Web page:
Capital of the “Vivre Ensemble”

Montreal is the city that welcomed us when my family immigrated to Canada in the early 1970s. Today still, Montreal is one of the most multi-ethnic and multicultural cities in the world – a capital of the “Vivre Ensemble” (Living Together) and a vibrant platform for culture, education and innovation.

Congratulations to Montreal for this brilliant success!

Related links:

ICLEI

Palais des Congrès

Montreal International 

NATO, Justin Trudeau and responsible citizenship

Trudeau_36The heads of state and heads of government of the 28 North Atlantic Treaty Organization countries gathered in Poland last Friday and Saturday (July 8-9) for what many consider the most important NATO meeting since the end of the cold war. Hence, many were surprised to see Canada’s superstar Prime Minister Justin Trudeau arriving with his 9 year old son Xavier.

Early immersion in global affairs

But Justin also got an early introduction to the world of diplomacy and global affairs. Imagine the shock 40 years ago when the late Pierre Elliott Trudeau showed up with eight year-old Justin to meet the Iron Lady, British Prime Minister Margaret Thatcher.

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Surely, his father had a profound impact on him and his influence got him to become Prime Minister.

“All my life I had wanted more than anything to become a dad. I was inspired by the extraordinary father I’d had, the example he set for me to follow.”

A man of integrity and conviction, Pierre Trudeau cherished the importance of universal  human rights, responsible citizenship, care for the environment and Canada’s role in the world. These are the focus of the Pierre Elliott Trudeau Foundation, an independent and non-partisan charity established in memory of the Late Right Honourable Pierre Elliott Trudeau. These priorities also come out as important for Justin Trudeau and we can  foresee that Xavier will someday work towards them as well.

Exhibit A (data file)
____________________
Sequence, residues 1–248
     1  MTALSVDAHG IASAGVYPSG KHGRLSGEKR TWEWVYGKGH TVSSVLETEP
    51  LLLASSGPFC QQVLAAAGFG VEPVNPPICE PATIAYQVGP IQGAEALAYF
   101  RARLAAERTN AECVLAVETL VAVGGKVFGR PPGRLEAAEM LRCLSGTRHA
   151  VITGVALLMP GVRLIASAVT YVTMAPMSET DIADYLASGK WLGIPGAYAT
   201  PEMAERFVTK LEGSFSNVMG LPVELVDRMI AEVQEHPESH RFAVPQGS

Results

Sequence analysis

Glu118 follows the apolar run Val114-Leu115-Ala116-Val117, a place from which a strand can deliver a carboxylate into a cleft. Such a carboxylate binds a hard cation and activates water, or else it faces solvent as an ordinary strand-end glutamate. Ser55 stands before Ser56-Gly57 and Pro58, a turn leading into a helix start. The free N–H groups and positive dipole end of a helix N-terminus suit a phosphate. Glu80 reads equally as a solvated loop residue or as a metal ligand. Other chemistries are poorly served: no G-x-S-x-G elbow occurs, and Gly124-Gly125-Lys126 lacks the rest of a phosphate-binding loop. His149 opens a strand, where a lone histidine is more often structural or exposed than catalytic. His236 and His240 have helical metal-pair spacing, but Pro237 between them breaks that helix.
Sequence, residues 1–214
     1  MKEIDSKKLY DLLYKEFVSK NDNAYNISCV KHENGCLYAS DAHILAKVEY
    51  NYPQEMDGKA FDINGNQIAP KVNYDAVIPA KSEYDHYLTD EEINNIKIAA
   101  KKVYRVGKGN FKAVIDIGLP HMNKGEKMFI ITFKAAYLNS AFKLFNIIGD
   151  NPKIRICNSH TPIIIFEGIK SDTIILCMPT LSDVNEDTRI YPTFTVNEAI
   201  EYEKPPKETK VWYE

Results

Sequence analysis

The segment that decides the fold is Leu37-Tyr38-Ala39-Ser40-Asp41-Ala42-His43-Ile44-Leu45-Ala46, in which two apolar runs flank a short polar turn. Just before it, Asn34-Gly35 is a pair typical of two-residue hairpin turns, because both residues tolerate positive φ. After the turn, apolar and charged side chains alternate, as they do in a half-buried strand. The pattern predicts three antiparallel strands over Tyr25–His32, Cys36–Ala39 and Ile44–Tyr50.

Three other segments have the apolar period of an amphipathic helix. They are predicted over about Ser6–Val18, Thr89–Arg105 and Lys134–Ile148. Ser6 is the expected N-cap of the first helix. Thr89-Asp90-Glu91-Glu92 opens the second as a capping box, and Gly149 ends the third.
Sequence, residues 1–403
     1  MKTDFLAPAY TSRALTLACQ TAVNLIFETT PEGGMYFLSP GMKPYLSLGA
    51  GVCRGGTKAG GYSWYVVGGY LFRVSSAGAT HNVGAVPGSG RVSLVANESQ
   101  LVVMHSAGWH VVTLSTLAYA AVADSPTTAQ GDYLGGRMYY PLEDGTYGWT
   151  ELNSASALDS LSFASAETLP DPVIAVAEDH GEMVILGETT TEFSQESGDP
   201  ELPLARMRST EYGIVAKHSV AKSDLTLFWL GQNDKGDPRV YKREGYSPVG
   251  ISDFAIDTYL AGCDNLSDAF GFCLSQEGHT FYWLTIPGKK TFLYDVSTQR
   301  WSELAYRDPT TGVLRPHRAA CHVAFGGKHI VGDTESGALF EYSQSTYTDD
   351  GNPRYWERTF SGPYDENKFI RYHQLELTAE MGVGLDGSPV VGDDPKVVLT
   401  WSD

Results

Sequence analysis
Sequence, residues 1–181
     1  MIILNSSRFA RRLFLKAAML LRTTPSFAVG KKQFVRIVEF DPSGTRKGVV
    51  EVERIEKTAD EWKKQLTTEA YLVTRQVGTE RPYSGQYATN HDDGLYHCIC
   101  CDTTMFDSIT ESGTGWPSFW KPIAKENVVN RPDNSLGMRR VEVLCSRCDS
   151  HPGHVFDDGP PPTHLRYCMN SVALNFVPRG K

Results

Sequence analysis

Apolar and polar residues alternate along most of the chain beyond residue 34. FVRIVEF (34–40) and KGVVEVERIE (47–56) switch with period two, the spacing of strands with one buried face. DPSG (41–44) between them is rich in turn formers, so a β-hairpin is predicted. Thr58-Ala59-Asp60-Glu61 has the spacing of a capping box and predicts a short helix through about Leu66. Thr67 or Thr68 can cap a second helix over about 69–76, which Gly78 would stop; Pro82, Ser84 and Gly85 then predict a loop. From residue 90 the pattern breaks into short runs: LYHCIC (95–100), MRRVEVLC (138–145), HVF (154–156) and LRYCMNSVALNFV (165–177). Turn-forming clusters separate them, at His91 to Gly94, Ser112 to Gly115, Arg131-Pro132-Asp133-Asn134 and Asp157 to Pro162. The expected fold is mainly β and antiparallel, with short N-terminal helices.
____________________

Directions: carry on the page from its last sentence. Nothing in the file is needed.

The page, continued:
Education about global issues

Not everyone can have a Prime Minister as a parent but all young people should have access to education about global issues. Education is the critical first step to transform individuals into engaged citizens and actors of change in their communities.

The “Education is a Window to the World” program run by The Bridge Foundation engages opinion leaders and youth on sustainable development and global issues.

Was air pollution a factor when Portugal beat Poland?

poland-vs-portugal-live-streaming

A research team at the IZA Economic Institute in Bonn (Germany) found that air pollution significantly impacts the performance of football players, even when measured pollution is below what the EU considers “safe level” thresholds. Above those concentrations, the measured decline in performance reached as much as 16%!

The World Health Organization reported that outdoor air pollution in cities for fine particles (called PM2.5 being smaller then 2.5 microns including dust, exhausts and coal combustion) was almost three times higher in Poland than in Portugal (28.7 vs. 10.8 ug/m3). Health effects include asthma and respiratory diseases such as lung cancer – children, the elderly and those with lung or heart disease are most at risk.

Outdoor air pollution causes 3.7 million premature deaths around the world according to Dr. Maria Neira, WHO Director for public health, environmental and social determinants of health.

In December 2015, the European Commission referred Poland to the EU Court of Justice for persistently high and dangerous levels of air pollution – mostly coming from household heating and road traffic. The Commission deemed that measures taken by the authorities were inadequate.

While we cannot attribute the victory of Portugal to pollution, it is clear that poor air quality affects more then just the quality of football games. Urgent action is needed!